I spluttered and my tea cup rattled on its saucer. “What did you just say, dear?” Without looking up from her knitting, Vera repeated, “This year, I shall walk up and down the beach in my birthday suit.” Walter’s eyes looked huge, magnified by his glasses. He scratched his threadbare head and studied his wife. “Do you think that’s…a good idea?” he asked, fiddling with his tie. “I mean – ” Vera’s blue eyes twinkled as she looked up at us both. “Why not? I’ll be ninety this Valentine‘s Day. Life’s for living.” She continued knitting. I glanced around the familiar cluttered lounge, while I struggled to think of something to say. Even Vera said the chintz was overpowering, but Walter loved it. The creaking of my friends’ wooden rocking chairs, the click-clack of Vera’s knitting needles and the ticking of the grandfather clock seemed very loud. I finally asked, “Is the beach full of naturists?” “What, people who study wildlife?” Walter asked. I sighed. “Nudists.” Vera shrugged and unbuttoned her rainbow-coloured cardigan. “I don’t know. Who cares? At my age, one learns to do one’s own thing, Mavis. You’ll be the same some day.” “I’m not far behind you,” I said, taking another homemade coconut bun from the plate on the coffee table. “I’m nearly eighty-nine.” Vera sniggered. “Well, I can’t imagine you on a nudist site. You wouldn’t know where to look.” I felt myself flush. “Neither would you.” Walter chuckled. “Oh, she would. Nothing embarrasses Vera, you should know that by now.” I sipped my tea, only vaguely listening to Vera’s smutty nudist jokes and Walter’s chortles. Was she really planning to parade naked along the local beach? I had a sudden vision of her riding along the sands on a donkey, like Age Concern’s very own Lady Godiva. No, surely even Vera wouldn’t do that. I glanced at the photographs on the mantelpiece: Vera skydiving, abseiling, running a marathon and wing-walking on a Tiger Moth biplane. She had done something daring on each of her milestone birthdays. Her ninetieth wouldn’t be an exception. Walter offered me another bun. I eyed the plate, biting my bottom lip. He was good at making them, but I really shouldn’t have a third. “Go on,” he said. “Just another won’t make any difference.” Vera nodded, her ginger wig askew. “It’s impossible to tell how fat you really are, with all that clobber you wear.” “I feel the cold.” I sniffed and changed the subject… # At home, I ran a bath and viewed my plump nakedness in the full-length mirror. Everyone couldn’t be Venus or Adonis. With her thin legs and large bosom, Vera reminded me of a bird, but she was happy to bare all on a crowded beach. Soaking in the steaming lavender-scented water, I thought about Vera’s birthday. I’d always been too serious. I wouldn’t even join her in karaoke, but it was time to change. I’d buy a thong and strip off on the beach beside her. Yes, a Valentine thong, covered in hearts! One to match Vera’s favourite dress. I smiled, imagining her surprise. Maybe I’d even get carried away by the moment and remove the thong too… # February 14th was a surprisingly sunny day, the sort that draws crowds to the beach. Sunbathers were everywhere and a group of teenagers were playing football. Vera and I strolled by the sea. I stepped out of my sandals and woollen tights, the waves lapping my feet. I wondered when she’d remove her old outfit. Side-eyeing her, I shrugged off my cardigan. She didn’t seem to notice, until I removed my blouse. “Are you feeling all right?” she asked, and then stared at my Valentine’s Day ‘heart’ thong as I pulled down my tweed skirt. Ignoring the sniggering sunbathers around us, I unclipped my brassiere. I felt free as I swung it overhead and tossed it behind me. Someone cheered. Vera looked concerned. “Have you been out in the sun for too long?” “I’m feeling wonderful. As you’ve always said, who cares what anyone else thinks!” A dog ran past with my bra in its mouth. “I can’t wait to tell Walter!” Vera shrieked with laughter. “What’s got into you? I’ve always loved you like a sister, but I thought you were rather boring. I didn’t have any ambitions left but you’ve outdone anything I did.” I swallowed. My mouth was suddenly dry. “But you said you were going to completely strip off.” “Eh?” Vera frowned and then giggled. “Ohhh, my birthday suit. Walter thinks it’s too expensive to wear on the beach, but sand and salt water, even ice cream and seagulls’ muck, won’t really do much harm.” I looked at the ‘hearts’ dress and matching jacket that, yes, she always wore on her birthday. “Ohhhhhh,” I cried, my hands flying to my mouth and then I folded my arms to cover my chest. I looked round for my discarded clothing, conscious of every eye on me. I was sure even the seagulls were laughing. “Good for you, miss! I like someone who dares to be different.” I turned and noticed a grey-haired gent as he threw his cardigan onto the sand. His flannel shirt and herringbone trousers soon followed. A little paunch, spindly legs and knobbly knees, but he was in good shape for a man in his eighties (or maybe nineties). Beaming at me, he stood in his string vest and ‘heart’ Y-fronts and asked, “Will you be my Valentine?”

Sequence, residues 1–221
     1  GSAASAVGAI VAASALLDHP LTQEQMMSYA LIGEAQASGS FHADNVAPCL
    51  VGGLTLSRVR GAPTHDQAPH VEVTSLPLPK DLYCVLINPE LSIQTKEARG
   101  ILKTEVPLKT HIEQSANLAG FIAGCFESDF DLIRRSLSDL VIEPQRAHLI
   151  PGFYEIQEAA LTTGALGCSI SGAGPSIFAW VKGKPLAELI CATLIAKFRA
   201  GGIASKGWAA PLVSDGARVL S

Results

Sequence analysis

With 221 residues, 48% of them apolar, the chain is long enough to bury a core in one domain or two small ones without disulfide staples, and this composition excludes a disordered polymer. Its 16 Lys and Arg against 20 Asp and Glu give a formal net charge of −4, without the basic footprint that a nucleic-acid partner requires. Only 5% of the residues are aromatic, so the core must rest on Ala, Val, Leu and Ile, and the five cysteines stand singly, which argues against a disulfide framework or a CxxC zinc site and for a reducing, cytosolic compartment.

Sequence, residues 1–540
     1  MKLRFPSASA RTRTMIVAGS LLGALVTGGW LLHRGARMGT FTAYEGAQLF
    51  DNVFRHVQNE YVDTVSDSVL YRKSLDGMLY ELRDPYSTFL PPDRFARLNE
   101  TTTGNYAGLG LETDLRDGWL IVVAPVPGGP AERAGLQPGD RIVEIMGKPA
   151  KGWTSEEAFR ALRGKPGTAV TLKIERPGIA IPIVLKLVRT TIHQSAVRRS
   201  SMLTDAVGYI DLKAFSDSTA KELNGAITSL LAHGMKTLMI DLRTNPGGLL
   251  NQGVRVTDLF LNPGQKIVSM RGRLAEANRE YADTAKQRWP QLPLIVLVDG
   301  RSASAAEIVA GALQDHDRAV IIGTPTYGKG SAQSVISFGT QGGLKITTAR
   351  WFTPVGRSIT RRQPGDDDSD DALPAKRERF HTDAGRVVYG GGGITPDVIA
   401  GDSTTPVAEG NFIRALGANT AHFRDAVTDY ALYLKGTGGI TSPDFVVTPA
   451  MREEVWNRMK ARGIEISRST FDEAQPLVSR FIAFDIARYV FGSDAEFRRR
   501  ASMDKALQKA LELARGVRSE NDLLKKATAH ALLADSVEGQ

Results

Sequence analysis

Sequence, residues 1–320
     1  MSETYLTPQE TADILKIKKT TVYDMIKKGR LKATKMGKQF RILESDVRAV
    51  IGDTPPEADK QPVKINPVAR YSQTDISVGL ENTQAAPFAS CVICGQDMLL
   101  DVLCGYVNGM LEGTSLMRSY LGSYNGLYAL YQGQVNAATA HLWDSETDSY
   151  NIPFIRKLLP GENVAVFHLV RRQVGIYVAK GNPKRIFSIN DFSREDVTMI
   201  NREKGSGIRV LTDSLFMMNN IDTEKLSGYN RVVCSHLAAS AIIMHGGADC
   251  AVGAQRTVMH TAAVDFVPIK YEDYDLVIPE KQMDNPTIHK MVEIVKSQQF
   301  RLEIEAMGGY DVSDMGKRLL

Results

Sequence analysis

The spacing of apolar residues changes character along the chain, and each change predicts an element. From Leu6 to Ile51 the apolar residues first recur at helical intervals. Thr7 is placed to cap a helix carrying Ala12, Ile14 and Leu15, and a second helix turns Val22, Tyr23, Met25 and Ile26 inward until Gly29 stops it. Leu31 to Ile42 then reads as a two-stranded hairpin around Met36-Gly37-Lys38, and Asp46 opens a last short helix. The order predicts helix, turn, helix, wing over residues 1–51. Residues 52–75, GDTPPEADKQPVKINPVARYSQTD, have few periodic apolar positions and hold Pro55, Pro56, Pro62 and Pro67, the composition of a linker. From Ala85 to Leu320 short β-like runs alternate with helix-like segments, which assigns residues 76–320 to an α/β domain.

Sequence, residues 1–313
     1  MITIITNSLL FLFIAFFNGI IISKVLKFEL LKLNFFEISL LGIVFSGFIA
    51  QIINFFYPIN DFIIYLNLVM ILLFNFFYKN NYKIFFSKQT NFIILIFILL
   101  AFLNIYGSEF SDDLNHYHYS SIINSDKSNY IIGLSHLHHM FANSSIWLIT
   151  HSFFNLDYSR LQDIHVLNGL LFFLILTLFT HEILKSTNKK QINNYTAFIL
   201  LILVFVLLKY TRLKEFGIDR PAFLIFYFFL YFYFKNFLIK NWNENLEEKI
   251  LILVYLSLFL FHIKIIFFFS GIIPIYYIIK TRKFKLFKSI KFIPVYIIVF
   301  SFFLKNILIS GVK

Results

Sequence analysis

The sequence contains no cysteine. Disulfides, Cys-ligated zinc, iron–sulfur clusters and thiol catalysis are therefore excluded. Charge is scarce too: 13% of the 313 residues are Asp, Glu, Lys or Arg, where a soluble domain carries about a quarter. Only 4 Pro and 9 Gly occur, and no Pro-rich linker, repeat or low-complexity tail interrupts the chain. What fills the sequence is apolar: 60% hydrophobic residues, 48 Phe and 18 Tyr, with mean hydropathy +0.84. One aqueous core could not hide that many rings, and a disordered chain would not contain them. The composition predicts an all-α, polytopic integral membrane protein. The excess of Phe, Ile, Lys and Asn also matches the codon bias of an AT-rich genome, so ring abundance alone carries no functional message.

By Jack Horne